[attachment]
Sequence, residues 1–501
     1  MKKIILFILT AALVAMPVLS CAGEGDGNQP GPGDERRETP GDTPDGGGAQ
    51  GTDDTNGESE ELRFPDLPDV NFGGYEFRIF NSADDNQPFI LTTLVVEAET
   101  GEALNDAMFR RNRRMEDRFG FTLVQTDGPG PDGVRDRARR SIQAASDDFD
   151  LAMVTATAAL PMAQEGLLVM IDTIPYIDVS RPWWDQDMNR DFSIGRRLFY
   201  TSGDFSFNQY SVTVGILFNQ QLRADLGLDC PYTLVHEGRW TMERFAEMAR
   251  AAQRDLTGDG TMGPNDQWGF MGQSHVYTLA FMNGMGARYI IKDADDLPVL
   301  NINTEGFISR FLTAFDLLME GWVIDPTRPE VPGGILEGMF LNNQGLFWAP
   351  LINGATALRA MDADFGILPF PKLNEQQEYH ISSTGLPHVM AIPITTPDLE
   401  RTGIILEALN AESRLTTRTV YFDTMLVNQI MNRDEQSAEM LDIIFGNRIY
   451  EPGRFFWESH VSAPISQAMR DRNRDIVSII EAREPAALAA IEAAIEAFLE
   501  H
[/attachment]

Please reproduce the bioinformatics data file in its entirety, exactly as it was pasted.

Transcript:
Sequence, residues 1–501
     1  MKKIILFILT AALVAMPVLS CAGEGDGNQP GPGDERRETP GDTPDGGGAQ
    51  GTDDTNGESE ELRFPDLPDV NFGGYEFRIF NSADDNQPFI LTTLVVEAET
   101  GEALNDAMFR RNRRMEDRFG FTLVQTDGPG PDGVRDRARR SIQAASDDFD
   151  LAMVTATAAL PMAQEGLLVM IDTIPYIDVS RPWWDQDMNR DFSIGRRLFY
   201  TSGDFSFNQY SVTVGILFNQ QLRADLGLDC PYTLVHEGRW TMERFAEMAR
   251  AAQRDLTGDG TMGPNDQWGF MGQSHVYTLA FMNGMGARYI IKDADDLPVL
   301  NINTEGFISR FLTAFDLLME GWVIDPTRPE VPGGILEGMF LNNQGLFWAP
   351  LINGATALRA MDADFGILPF PKLNEQQEYH ISSTGLPHVM AIPITTPDLE
   401  RTGIILEALN AESRLTTRTV YFDTMLVNQI MNRDEQSAEM LDIIFGNRIY
   451  EPGRFFWESH VSAPISQAMR DRNRDIVSII EAREPAALAA IEAAIEAFLE
   501  H